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John F. O'Hara

John F. O'Hara
731 W Skippack Pike  Blue Bell  PA 19422
Phone:  610-277-4060
Office:  215-643-3200
Cell:  267-481-1786
Fax:  267-354-6973

My Blog

Know When to Hold or Pitch Common Household Items

November 7, 2014 2:00 am

Every few weeks, I question whether it's time to pitch out certain household items. While many things we use around the home including most food items have expiration dates, are they really a valid indicator that the item in question is obsolete?

A recent post at grandparents.com responds to that concern with a list of the top 10 household items you should replace. So if you are wondering if it's time to pitch or hold onto certain things around the house, consider these particular items:

Sponges - Filled with bacteria and mold, they're the top source of germs in your home, according to WebMD. To prevent your sponges and scrubbers from becoming encrusted with microscopic filth, swap them out every month or as soon as they begin to have a bad odor. Preserve them on a daily basis by throwing them in the dishwasher - the heat will kill germs and keep your family healthier.

Herbs & Spices - Old bottles of dried herbs and spices won't hurt you, says nutrition expert Janet Brill, there are no health concerns, they simply lose their potency. Seasoning purveyor McCormick these guidelines for shelf life:
  • Ground spices: 3 to 4 years
  • Whole spices: 4 years
  • Leafy herbs: 1 to 3 years
  • Bottled seasoning blends: 1 to 2 years
Faded color and loss of aroma are two other ways to identify old herbs and spices.

OTC Meds - Follow the "spring cleaning" rule, says Marjorie Phillips, Pharmacy Coordinator for Georgia Regents Medical Center and member of the FDA Drug Safety and Risk Management Advisory Committee. Once a year, around the same time, throw out all expired prescription and over-the-counter (OTC) medications.

Expiration dates guarantee that, with proper storage in a cool, dry place, the drug will retain 90 percent of its original potency until that date, she says. Afterward, the medication may have degraded enough to lose potency or, even worse, contain harmful degradation-related byproducts.

Tetracycline is one drug whose byproducts can cause injury if it's been sitting around for too long, but Phillips recommends checking with a pharmacist about individual meds. Medication doesn't magically stop working on the expiration date; it's just safest to follow that guideline according to Phillips.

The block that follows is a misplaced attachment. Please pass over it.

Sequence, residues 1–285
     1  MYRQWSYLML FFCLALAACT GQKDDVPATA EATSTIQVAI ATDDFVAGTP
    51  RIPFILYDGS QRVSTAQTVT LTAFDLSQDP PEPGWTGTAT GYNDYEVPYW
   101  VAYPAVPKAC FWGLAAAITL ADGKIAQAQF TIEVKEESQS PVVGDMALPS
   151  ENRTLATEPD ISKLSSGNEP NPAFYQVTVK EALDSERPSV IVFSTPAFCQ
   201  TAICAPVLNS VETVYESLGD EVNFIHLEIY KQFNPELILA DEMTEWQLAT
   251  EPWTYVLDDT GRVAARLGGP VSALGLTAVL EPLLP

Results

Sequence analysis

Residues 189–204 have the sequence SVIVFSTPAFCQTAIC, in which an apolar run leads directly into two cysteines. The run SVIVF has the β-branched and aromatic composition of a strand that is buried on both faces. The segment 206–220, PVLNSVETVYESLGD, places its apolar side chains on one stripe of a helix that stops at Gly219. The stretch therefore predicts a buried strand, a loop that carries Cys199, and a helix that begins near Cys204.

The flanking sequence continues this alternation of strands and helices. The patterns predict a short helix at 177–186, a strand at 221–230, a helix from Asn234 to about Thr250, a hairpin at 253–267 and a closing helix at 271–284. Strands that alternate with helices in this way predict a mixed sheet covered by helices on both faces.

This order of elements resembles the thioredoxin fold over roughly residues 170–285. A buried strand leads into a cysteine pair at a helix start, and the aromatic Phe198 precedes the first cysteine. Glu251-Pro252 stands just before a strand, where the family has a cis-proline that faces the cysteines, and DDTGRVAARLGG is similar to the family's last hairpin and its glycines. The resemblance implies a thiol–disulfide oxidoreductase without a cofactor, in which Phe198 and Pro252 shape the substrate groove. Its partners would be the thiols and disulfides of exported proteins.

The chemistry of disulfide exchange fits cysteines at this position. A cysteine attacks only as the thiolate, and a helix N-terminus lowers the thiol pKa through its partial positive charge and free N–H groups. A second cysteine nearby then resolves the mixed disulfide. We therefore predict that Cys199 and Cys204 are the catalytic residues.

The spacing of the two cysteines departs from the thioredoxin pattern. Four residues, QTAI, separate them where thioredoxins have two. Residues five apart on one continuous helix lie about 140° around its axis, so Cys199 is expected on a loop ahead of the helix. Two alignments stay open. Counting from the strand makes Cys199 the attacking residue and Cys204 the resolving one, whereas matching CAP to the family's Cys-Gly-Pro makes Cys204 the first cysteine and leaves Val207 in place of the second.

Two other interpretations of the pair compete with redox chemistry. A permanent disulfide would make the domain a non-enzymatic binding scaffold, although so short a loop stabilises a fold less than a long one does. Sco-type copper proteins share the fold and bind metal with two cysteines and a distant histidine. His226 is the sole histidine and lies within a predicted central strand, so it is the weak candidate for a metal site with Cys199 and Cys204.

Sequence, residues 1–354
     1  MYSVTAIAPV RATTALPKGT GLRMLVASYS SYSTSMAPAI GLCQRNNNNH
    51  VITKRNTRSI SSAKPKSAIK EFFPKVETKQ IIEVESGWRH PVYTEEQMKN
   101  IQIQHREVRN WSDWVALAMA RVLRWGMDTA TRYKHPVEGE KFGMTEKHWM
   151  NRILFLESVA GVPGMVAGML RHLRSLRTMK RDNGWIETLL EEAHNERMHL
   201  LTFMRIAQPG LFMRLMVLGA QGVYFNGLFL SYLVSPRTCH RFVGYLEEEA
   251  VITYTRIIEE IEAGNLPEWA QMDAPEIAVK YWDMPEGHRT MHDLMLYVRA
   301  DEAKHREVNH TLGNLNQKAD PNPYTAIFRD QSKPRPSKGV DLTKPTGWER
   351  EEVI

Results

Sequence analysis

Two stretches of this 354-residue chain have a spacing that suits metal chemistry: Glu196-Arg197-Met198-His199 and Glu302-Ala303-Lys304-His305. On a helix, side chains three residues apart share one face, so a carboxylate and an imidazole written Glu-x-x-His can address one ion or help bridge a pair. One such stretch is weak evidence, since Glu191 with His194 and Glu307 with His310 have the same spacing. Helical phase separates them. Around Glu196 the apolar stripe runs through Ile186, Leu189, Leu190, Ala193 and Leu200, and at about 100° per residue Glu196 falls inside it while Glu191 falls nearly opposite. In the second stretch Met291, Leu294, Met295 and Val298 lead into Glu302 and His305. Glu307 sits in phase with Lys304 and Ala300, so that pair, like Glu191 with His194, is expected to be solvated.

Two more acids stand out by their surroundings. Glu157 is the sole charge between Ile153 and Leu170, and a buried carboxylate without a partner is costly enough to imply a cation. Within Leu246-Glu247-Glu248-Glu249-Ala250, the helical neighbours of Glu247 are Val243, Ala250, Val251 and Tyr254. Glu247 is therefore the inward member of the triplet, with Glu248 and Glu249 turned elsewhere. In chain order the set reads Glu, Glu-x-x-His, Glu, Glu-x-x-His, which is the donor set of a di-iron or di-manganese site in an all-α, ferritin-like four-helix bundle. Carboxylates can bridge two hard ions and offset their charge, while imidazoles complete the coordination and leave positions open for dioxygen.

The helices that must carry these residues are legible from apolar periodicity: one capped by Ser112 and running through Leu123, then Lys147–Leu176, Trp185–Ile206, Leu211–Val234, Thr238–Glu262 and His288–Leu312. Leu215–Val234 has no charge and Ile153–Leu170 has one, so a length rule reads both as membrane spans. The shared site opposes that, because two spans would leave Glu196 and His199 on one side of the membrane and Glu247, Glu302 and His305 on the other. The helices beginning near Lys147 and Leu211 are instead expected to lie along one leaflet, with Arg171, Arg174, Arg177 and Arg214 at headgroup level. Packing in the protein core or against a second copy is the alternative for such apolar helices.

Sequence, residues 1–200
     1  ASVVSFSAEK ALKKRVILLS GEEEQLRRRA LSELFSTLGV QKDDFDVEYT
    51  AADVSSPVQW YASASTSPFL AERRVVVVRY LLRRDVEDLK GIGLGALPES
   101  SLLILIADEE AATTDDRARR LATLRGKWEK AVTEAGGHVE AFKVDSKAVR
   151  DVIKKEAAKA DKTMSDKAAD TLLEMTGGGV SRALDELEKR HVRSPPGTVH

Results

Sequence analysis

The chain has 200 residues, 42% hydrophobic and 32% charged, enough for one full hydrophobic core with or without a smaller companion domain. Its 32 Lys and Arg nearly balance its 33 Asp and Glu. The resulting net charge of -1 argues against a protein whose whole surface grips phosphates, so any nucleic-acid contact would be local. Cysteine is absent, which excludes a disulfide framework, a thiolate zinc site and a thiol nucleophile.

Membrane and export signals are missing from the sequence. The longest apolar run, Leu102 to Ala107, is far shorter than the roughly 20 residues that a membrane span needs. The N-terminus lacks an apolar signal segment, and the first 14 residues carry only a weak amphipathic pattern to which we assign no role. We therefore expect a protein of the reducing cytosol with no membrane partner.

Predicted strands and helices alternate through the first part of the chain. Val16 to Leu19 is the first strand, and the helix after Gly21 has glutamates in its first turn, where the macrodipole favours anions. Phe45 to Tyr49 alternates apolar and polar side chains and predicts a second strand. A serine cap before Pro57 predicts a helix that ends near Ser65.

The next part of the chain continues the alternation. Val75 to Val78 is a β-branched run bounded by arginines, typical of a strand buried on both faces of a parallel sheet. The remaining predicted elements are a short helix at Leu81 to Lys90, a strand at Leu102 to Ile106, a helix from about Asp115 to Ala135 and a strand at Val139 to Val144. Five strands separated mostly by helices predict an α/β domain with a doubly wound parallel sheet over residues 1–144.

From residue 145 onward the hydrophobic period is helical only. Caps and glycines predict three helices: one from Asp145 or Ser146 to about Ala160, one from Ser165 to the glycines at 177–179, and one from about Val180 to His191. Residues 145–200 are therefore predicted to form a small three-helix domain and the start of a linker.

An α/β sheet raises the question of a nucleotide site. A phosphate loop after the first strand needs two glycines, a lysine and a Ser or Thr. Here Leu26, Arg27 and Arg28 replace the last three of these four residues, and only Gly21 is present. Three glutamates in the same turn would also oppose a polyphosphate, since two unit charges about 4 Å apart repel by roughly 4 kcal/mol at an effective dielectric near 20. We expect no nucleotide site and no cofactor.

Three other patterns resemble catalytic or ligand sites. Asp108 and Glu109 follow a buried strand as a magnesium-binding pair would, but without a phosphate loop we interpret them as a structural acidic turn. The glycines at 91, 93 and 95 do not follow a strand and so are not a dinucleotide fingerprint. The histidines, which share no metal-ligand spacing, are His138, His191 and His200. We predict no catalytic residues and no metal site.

Published with permission from RISMedia.


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Simple Swaps for Healthier Holidays

November 6, 2014 12:39 am

(Family Features) Rich, decadent, calorie-laden foods go hand-in-hand with the holidays. By choosing better-for-you snacks and swapping ingredients in some of your favorite recipes, you can keep the pounds from creeping up as you celebrate this season.

You can satisfy your cravings and stay full by consuming high-quality, protein-rich foods with fewer calories and lower saturated fat. Exchanging sugary treats and unhealthy ingredients for flavorful, more nutritious options will let you still enjoy your holiday treats without the guilt (or added weight) when the festivities have passed.

Stay on track for healthier, happier holidays this year with these tips:
  • Plan ahead before you hit the party buffet table by eating a protein and fiber-rich light meal or snack beforehand.
  • Limit your alcohol and intake of sweetened drinks; flush your system with water.
  • In place of candy and sweets, keep healthy nibbles on hand, such fruits, nuts and steamed or dried edamame. Individual packages of these nutritious snacking options also make excellent stocking stuffers.
  • For sweet, rich, baked goods such as cookies, soft-yeast breads and quick breads, swap some of the traditional flour with soy flour, which will substitute for up to 30 percent of the wheat or rye flour.
  • Modify your favorite recipes to reduce saturated fat, sugar and salt. Vegetable oil, cinnamon or nutmeg and herbs and spices deliver mouth-pleasing flavors that eliminate the less healthy alternatives.
Source: Soyfoods Association of North America

Published with permission from RISMedia.


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